Tag Archives: Peace Corps Rwanda

Swearing in and Moving Out

On Tuesday August 14, 2018 despite any reservations anyone may or may not have had, I, along with 22 others was sworn in as a Peace Corps volunteer in Rwanda representing cohort Health 10.

I wore a fancy dress. I put on make-up. I danced on live TV. I listened to speeches given by my fellow trainees/volunteers, the Charge d’Affairs, the Country Director, the Program Manager, the director of Training, a Ministry of Health official, and a tuitulaire.  Some speeches were in English; some were in Kinyarwanda, and around noon, after starting nearly an hour behind schedule, I stood, raised my right hand, and swore to protect the constitution of the United States against all enemies foreign and domestic.

It’s the same oath everyone who works for the government takes including the US Military.  The military was never intended to be my career path, but in taking the same oath that several friends and family have taken, I felt a momentary surge of patriotic pride.

After becoming an official volunteer, we munched on snacks and Fanta, and mingled with the people there.  All in all, it was one of the happier days since arriving in Rwanda.

All good things must come to an end, and around 1:30 we were escorted to immigration to get our Rwandan ID cards made.  These cards mark our official residency status and in theory gives up Rwandan citizen status especially at places that charge a higher price for foreign tourists [Rwandan national parks, I’m looking at you].

Things get crazy while waiting out turns at immigration

On Tuesday evening, after the ceremony and after immigration, nearly everyone went out for drinking and dancing. I know myself well enough to know that would have been a mistake on my part, so I spent a quiet evening at home—home, one again, being our Catholic nunnery.  Before anyone starts to feel sorry for me for ‘missing out’ on anything, having the nunnery to myself was pretty awesome.   I had unlimited food and drink [I think I had 5 fantas and at least 2 plates of food], I was able to take a hot shower that lasted longer than 5 minutes [seriously, only my second since leaving America. The first one being at the PC infirmary a mere two weeks prior].  Without any competing devices, I was able to use the internet to my hearts’ content, download books to my Kindle, movies to my hard drive, and even video chat on WhatsApp.  I had a perfectly enjoyable evening doing the things I love with the people I love, and didn’t suffer the hangover that most of my cohort had.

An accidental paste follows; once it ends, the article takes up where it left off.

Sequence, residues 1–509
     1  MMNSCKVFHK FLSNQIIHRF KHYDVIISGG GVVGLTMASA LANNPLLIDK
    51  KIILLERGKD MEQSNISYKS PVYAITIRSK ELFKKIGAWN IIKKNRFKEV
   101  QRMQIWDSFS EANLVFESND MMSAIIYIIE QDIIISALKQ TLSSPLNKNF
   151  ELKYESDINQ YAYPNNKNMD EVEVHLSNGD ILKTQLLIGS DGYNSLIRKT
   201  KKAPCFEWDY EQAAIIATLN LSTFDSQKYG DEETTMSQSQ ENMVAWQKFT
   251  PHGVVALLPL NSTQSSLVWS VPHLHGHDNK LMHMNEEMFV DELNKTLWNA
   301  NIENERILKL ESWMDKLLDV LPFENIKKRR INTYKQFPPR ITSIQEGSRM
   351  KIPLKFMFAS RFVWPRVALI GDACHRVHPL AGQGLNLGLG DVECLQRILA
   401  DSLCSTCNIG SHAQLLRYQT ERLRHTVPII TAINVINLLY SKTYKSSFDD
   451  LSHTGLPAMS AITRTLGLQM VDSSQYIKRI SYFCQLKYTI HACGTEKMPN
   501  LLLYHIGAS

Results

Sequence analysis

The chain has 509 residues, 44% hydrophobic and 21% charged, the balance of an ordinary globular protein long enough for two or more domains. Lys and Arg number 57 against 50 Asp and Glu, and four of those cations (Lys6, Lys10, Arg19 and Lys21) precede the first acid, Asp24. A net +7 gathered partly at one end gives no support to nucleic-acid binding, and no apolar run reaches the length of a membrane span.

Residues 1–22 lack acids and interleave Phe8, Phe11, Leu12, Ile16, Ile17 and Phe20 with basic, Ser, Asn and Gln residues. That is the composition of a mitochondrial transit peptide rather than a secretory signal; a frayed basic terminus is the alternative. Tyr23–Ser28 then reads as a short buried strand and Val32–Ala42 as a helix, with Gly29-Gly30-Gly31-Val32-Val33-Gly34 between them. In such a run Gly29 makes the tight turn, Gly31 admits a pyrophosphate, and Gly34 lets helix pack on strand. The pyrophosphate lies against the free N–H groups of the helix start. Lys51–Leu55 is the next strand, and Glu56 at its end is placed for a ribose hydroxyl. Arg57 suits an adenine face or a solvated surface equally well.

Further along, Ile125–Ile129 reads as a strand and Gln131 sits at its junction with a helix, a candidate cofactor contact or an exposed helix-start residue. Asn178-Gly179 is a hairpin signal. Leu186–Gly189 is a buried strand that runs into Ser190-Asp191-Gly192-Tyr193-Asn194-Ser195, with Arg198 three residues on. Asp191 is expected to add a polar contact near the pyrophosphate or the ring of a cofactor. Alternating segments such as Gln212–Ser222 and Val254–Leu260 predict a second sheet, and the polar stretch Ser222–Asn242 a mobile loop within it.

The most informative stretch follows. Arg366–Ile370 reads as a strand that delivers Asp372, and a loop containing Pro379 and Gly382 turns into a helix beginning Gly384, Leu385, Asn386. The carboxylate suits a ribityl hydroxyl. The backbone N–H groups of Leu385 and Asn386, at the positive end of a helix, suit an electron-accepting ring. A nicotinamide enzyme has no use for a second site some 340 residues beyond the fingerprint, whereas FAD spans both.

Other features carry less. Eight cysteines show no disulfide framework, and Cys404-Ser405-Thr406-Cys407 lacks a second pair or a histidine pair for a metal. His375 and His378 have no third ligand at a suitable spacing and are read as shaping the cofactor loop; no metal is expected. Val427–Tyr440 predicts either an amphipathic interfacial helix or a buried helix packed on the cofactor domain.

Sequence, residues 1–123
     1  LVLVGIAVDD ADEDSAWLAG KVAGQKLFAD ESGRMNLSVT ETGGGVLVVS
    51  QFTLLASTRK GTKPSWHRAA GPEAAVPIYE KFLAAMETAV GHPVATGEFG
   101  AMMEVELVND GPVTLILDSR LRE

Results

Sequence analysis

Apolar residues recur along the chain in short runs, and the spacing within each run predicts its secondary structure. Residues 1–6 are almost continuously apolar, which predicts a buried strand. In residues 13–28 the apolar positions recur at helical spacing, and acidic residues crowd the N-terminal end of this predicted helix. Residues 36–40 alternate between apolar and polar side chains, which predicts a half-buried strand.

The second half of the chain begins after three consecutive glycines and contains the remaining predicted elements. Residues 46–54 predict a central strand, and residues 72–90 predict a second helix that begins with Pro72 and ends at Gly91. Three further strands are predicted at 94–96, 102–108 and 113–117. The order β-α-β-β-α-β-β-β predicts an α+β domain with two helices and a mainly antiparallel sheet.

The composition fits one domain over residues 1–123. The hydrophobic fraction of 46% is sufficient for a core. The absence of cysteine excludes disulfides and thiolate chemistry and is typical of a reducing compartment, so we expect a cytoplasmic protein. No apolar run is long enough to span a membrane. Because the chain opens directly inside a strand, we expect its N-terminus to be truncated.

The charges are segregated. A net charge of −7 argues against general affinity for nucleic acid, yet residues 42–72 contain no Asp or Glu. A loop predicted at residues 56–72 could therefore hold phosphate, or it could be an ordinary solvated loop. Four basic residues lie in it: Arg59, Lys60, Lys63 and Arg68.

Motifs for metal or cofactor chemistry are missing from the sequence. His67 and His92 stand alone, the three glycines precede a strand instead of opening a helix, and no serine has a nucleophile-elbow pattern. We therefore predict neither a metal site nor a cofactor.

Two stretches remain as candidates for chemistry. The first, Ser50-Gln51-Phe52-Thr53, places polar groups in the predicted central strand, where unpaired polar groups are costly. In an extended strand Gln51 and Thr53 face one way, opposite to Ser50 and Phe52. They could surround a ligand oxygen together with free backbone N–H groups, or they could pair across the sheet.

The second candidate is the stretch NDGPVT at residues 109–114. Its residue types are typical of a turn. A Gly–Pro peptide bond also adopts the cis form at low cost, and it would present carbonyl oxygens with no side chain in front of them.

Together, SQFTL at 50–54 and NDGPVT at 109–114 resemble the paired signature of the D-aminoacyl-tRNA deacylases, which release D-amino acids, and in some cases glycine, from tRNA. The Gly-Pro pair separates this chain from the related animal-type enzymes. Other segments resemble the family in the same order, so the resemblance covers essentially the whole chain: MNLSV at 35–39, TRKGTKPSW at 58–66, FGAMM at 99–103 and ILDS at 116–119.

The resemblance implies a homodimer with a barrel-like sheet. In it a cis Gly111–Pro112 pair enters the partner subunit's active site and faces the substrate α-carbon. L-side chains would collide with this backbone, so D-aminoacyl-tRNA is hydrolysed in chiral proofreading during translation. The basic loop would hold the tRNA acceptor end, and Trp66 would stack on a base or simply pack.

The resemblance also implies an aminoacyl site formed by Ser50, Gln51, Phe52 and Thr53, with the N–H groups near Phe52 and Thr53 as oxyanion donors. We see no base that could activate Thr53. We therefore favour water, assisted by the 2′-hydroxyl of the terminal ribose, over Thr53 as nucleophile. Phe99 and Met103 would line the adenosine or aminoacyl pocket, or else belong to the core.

Glow in the dark Jesus for the win

Thanks to a Catholic holiday, we had a free day on Wednesday saving the actual moving until Thursday, and thankfully, most stores are not Catholic and were open for business. I’m not a huge shopper, but I did enjoy hanging out at the bookstore with the rooftop bar, getting my gas stove and a few other home goods, and going to the grocery store getting some food favorites in preparation for my first weekend alone.

Thursday morning involved moving all the stuff that had been stored in a room up to the parking lot to be loaded in to the moving vehicle.  I was as surprised as anyone when everything was loaded, and two volunteers’ stuff for two years fit in one Toyota pick-up truck.  Good byes were said; tears were shed, and off we went [I admit to remaining mostly stoic until one of my Northern friends hugged me and had tears in her eyes. Then my eyes did the same].  With bananas and bread in hand [who can eat breakfast at an emotional time like this] plus a couple bottles of water, my fellow volunteer and I set off to the South.

 

I still can’t believe nothing fell off the truck while we we’re moving

We dropped her off first, and I was a little envious of her site. A proper house with a small front porch, right in town, with neighbors for visiting.  Her HC happened to be a 15 minute or so walk which is just about perfect.  [I can hear the babies being vaccinated from inside my house].

Somewhere between her site an mine

After she was ‘installed’, we bumped along back roads for about an hour until we reached the town of Nyanza, and the dirt roads once again turned to pavement. Another 30-45 minutes later, we pulled up to my house. Things were unloaded; the gas stove was tested [it worked!], and suddenly I was alone… truly alone for the first time in quite some time.